When Trumbull was elected to the United States Senate, he served from March 4, 1795 to June 10, 1796.[7]

Governor of ConnecticutEdit

On June 10, 1796, he resigned from the United States Senate to become Lieutenant Governor of Connecticut. When the Governor died in December 1797, he became governor and was re-elected to eleven consecutive terms until his death in Lebanon, Connecticut.[8]

Personal lifeEdit

Family portrait of Jonathan, Eunice and Faith painted by his brother, John Trumbull, 1777

Trumbull married Eunice Backus. Together, they had one son and four daughters:

  • Jonathan Trumbull (b. December 24, 1767, d. January 14, 1768), who died young
  • Faith Trumbull (b. February 1, 1769), who married Daniel Wadsworth (1771–1848), an artist and architect
  • Mary Trumbull (b. December 27, 1777)
  • Harriet Trumbull Silliman (b. September 2, 1783, d. January 1850), who married Benjamin Silliman (1779–1864), a scientist.
  • Maria Trumbull (b. February 14, 1785).[9]

He was elected a Fellow of the American Academy of Arts and Sciences in 1804.[10]

Trumbull died August 7, 1809, aged 69 years and 134 days. He is interred at Trumbull Cemetery, Lebanon, Connecticut.[11] He was one of the original members of the board of trustees of Bacon Academy.[12]

See alsoEdit


  1. ^ "Jonathan Trumbull Jr". National Governors Association. Retrieved January 10, 2013.
  2. ^ "Jonathan Trumbull, Jr". Connecticut (CT) Sons of the American Revolution. Retrieved January 11, 2013.
  3. ^ "Lieutenant Colonel Jonathan Trumbull, Jr". National Park Service.
  4. ^ Lefkowitz, Arthur S.(2003). George Washington's Indispensable Men: The 32 Aides-de-Camp Who Helped Win the Revolution, Stackpole Books. Page 233.
  5. ^ "Officers Represented in the Society of the Cincinnati". The American Revolution Institute of the Society of the Cincinnati. Retrieved March 17, 2021.
  6. ^ "Jonathan Trumbull Jr". Govtrack US Congress. Retrieved January 10, 2013.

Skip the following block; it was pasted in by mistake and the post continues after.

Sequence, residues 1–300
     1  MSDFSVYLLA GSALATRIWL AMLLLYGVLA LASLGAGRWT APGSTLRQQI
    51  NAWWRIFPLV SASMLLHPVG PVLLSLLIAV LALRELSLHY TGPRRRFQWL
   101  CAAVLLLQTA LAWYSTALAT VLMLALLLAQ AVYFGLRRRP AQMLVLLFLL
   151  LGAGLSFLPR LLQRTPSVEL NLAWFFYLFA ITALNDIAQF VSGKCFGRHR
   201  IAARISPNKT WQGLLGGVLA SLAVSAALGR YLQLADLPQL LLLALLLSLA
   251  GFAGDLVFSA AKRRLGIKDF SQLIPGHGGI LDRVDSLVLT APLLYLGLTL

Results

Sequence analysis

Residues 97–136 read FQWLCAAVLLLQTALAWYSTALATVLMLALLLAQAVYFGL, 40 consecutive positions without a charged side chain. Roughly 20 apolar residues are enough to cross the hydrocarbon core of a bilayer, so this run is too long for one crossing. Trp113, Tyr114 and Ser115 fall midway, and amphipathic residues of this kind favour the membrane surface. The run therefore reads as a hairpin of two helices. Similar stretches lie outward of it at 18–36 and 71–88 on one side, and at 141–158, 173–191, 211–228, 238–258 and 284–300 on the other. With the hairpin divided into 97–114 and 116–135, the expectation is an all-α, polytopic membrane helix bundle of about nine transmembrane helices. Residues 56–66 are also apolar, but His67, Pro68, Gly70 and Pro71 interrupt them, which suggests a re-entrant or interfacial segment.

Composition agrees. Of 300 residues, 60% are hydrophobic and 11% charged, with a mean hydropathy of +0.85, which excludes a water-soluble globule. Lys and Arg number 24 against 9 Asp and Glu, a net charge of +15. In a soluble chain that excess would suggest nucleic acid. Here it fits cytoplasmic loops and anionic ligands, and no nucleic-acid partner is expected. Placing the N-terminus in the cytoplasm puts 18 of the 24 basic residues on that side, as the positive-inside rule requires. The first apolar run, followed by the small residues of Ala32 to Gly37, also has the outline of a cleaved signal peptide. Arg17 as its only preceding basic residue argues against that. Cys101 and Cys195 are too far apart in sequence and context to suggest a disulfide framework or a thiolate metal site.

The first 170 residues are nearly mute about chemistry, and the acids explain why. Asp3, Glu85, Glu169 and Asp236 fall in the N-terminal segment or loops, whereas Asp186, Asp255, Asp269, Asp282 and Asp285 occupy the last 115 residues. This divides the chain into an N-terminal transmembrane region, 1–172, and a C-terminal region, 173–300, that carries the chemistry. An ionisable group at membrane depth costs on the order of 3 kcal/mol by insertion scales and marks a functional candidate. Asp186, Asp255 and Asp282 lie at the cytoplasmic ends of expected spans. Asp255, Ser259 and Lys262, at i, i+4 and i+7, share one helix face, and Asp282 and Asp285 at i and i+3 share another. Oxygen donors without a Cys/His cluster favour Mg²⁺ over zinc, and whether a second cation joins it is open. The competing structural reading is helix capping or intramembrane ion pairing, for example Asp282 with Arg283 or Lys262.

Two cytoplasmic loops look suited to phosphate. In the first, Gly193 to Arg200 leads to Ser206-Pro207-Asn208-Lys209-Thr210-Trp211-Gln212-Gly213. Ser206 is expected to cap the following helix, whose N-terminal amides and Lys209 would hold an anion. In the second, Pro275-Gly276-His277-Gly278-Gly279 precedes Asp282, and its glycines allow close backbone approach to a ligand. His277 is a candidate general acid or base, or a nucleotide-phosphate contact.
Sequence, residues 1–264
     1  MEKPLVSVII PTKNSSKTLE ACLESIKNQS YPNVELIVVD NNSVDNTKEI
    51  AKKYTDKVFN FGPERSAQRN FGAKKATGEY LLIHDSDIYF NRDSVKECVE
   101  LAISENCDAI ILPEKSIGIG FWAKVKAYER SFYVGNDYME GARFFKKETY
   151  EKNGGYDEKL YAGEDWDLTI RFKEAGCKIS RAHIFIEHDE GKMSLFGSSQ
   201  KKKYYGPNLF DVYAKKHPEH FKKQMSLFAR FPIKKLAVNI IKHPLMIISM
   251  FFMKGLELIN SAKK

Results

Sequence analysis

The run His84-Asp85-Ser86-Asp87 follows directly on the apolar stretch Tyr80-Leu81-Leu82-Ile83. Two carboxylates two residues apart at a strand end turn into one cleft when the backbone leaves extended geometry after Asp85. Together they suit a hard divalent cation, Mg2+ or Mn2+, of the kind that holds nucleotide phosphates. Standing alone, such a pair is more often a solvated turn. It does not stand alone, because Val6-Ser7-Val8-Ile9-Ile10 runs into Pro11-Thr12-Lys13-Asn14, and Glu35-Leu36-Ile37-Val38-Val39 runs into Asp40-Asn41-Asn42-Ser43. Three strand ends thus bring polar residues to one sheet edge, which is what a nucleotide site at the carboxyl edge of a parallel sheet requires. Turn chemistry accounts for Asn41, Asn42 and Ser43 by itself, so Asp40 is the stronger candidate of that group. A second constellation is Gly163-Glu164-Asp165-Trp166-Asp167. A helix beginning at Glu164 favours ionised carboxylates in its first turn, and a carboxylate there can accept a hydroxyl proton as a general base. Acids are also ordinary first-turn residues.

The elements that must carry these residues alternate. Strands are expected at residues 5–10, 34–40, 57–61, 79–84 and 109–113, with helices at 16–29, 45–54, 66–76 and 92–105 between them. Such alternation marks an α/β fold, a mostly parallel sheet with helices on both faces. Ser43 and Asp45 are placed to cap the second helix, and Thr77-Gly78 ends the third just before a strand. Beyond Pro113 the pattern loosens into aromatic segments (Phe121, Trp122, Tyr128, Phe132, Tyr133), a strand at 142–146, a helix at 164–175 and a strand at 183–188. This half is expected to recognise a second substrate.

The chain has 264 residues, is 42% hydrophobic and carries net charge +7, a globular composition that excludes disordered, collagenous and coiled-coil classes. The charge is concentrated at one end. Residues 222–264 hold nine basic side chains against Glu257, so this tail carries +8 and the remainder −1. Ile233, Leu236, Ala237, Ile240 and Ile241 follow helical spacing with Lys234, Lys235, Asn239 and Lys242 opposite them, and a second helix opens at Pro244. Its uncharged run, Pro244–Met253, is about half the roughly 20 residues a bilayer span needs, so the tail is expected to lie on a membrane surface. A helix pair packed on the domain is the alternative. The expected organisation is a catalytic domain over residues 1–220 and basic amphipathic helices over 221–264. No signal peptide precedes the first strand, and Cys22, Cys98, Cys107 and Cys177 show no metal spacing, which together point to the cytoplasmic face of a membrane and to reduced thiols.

7. ^ "Jonathan Trumbull Jr". Biographical Directory of the United States Congress. Retrieved January 11, 2013.
  8. ^ "Jonathan Trumbull Jr". Govtrack US Congress. Retrieved January 10, 2013.
  9. ^ "Jonathan Trumbull, Jr". Notable Names Data Base. Retrieved January 11, 2013.
  10. ^ "Book of Members, 1780–2010: Chapter B" (PDF). American Academy of Arts and Sciences. Retrieved July 28, 2014.
  11. ^ "Jonathan Trumbull, Jr". The Political Graveyard. Retrieved January 10, 2013.
  12. ^ The Connecticut quarterly. Connecticut Quarterly Co. 1896. pp. 125–.

External linksEdit

Party political offices
Preceded by Federalist nominee for Governor of Connecticut
1798, 1799, 1800, 1801, 1802, 1803, 1804, 1805, 1806, 1807, 1808, 1809
Succeeded by
U.S. House of Representatives
New district Member of the U.S. House of Representatives
from Connecticut's at-large congressional district

March 4, 1789 – March 3, 1795
Succeeded by
Political offices
Preceded by Speaker of the United States House of Representatives
October 24, 1791 – March 4, 1793
Succeeded by
Preceded by Lieutenant Governor of Connecticut
1796 – December 1797
Succeeded by
Governor of Connecticut
December 1797 – August 7, 1809
U.S. Senate
Preceded by U.S. senator (Class 3) from Connecticut
March 4, 1795 – June 10, 1796
Served alongside: Oliver Ellsworth, James Hillhouse
Succeeded by